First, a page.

I choose the payment method he’s able to use. All notifications come straight to my text messages (or email). He has the ability to add a personalized note, letting me know why he wants the item. When I receive the text, it includes the item, cost, shipping address, and payment information.
We decided to try this service out, and I gave Jacob $100 to spend on anything he wanted. I had a feeling he’d be ordering either kitchen or garden items because he’d been telling me some things he wanted for a while. Sure enough, he spent $88.29, ordering Pizzeria Flour, an Artisan Dough Tray, a Wooden Pizza Peel, and a cookbook by one of his favorite chefs, Richard Bertinet.
It’s a win-win because he can research, read reviews, and set up an order on his own. Then all I have to do is approve. It gives him freedom and independence to learn how to make good choices. It gives me the ability to guide if needed. Love!!!
3. Teach them basic cooking skills; then allow them to fly.
Of course, there are skills that need supervision at first, things like chopping, cooking on the stovetop, cleanliness while cooking, even things like pressure cooking. Teach them how to safely and properly use kitchen tools, gadgets, and appliances. Teach them about food safety too. Then step back and let them wobble onto their feet with whatever skill it is you’re teaching.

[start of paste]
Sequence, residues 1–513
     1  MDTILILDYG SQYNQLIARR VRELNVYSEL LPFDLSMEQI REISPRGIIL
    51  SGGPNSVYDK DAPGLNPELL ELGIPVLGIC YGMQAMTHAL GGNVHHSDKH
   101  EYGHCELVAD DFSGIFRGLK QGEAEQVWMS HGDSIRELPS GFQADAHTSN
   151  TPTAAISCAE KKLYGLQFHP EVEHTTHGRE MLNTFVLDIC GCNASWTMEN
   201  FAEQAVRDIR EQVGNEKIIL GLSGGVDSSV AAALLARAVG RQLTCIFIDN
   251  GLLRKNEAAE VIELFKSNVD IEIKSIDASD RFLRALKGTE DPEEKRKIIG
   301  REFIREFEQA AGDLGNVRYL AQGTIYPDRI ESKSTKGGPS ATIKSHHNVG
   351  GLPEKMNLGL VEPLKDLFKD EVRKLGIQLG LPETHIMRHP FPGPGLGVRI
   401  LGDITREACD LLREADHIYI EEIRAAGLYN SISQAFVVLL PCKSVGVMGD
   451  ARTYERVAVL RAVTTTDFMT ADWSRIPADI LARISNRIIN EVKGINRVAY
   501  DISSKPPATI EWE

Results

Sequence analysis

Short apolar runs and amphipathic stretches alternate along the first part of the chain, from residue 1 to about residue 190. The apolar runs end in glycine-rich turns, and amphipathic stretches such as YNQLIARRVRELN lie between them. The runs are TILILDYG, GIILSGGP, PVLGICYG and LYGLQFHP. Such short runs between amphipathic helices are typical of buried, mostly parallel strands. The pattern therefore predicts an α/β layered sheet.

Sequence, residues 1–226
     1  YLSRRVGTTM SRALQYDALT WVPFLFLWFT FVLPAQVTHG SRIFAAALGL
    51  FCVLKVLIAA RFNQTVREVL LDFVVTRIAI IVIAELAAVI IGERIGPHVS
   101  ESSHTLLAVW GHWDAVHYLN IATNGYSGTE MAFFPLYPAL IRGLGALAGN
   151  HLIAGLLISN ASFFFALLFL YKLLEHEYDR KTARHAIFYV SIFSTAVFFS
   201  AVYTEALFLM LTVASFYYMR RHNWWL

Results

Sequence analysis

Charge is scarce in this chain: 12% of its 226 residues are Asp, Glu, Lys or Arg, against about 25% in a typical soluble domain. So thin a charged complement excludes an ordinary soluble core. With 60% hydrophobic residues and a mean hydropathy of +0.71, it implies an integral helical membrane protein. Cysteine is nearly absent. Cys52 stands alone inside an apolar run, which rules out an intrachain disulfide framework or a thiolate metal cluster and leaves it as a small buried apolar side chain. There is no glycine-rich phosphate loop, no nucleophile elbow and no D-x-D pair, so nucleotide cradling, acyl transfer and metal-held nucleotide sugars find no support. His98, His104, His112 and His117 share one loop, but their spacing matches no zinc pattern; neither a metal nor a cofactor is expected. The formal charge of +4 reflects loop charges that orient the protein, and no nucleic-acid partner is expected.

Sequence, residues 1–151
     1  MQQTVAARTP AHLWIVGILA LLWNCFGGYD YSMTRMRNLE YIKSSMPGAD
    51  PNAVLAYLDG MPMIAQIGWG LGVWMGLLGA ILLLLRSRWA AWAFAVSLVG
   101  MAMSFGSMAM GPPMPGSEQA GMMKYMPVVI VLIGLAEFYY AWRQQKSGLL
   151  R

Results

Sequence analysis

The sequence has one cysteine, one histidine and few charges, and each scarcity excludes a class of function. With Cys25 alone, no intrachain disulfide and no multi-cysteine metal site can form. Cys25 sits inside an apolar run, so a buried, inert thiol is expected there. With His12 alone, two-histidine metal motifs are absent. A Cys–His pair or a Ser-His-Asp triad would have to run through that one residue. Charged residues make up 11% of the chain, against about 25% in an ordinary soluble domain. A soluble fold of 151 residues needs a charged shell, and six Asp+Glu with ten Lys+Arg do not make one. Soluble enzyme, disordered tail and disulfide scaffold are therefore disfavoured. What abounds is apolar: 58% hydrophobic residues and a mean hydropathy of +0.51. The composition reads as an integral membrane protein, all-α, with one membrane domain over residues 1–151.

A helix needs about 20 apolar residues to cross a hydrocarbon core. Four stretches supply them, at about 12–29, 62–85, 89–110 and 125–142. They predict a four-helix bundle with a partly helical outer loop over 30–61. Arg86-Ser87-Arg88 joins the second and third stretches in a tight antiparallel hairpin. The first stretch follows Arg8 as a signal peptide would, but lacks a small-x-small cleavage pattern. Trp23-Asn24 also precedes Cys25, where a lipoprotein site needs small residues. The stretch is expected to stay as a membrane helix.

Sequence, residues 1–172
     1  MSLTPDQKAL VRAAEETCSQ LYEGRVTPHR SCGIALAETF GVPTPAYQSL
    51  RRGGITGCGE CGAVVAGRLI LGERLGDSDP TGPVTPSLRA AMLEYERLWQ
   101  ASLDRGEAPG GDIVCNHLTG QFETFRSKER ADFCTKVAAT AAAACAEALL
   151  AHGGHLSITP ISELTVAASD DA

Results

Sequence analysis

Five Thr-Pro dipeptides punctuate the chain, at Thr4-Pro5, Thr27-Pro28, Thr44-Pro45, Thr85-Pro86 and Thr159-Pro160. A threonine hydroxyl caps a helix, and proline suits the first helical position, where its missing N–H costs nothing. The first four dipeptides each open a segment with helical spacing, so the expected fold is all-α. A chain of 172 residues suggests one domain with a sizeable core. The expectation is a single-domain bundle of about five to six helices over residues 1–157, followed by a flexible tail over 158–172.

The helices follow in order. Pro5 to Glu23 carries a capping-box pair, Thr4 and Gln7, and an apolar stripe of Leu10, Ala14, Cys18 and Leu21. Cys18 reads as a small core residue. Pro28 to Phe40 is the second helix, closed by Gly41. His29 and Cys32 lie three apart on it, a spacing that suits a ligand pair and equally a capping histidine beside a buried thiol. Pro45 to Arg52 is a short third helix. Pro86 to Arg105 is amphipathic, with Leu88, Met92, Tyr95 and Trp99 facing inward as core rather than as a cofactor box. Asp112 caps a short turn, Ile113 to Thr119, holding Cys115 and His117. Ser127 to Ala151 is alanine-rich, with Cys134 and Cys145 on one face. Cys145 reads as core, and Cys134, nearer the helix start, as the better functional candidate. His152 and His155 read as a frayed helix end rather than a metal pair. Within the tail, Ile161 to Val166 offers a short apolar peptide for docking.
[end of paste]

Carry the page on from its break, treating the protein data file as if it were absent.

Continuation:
They may wobble until they get their bearings. But the more practice they get, the better they’ll get at whatever it is they’re trying to do. They may even develop their own ways of doing things that work better for them. It’s about teaching them, then giving them room to explore options and develop their own tactics and techniques.
4. Allow them to go down a rabbit hole.
After all, this is the best time in life for them to fall down a rabbit hole. Let them explore their interests. For Jacob, that was shying away from regular yeast and learning how to make a natural sourdough yeast. In turn, he now makes his own sourdough Artisan Bread. He also makes his own pizza dough.
It’s not something I would’ve necessarily pursued, but it interested him and down the rabbit hole he went. His next pursuit is building his own natural earth oven. This kid, y’all… When he dreams, he dreams big and he goes after it. I mean, why not?
5. Give them opportunities to learn more.
Maybe it’s taking a cooking class, or as simple as letting them buy a book or watch a movie (hello, Amazon). Even the library is a great resource.
Jacob’s gone as far as to observe the pizza making process at a restaurant while we were on vacation; the chef was so sweet to let him in to watch the process of making wood fired pizza.
Maybe there’s opportunity for an apprenticeship with a local artisan or chef. Teens have this incredible way of soaking up any knowledge they can about subjects that interest them; if that subject happens to be cooking, help them find ways to do just that.
One thing I know for sure…
The time we give our kids to pursue their interests builds lifelong skills that will stay with them throughout their lives. They’ll never forget the times we spend with them either. Some of my own fondest memories are from times in the kitchen with both my mom and my grandma.
What tips would you give for giving teens more independence in the kitchen? I love chatting with y’all. Let’s chat in the comments!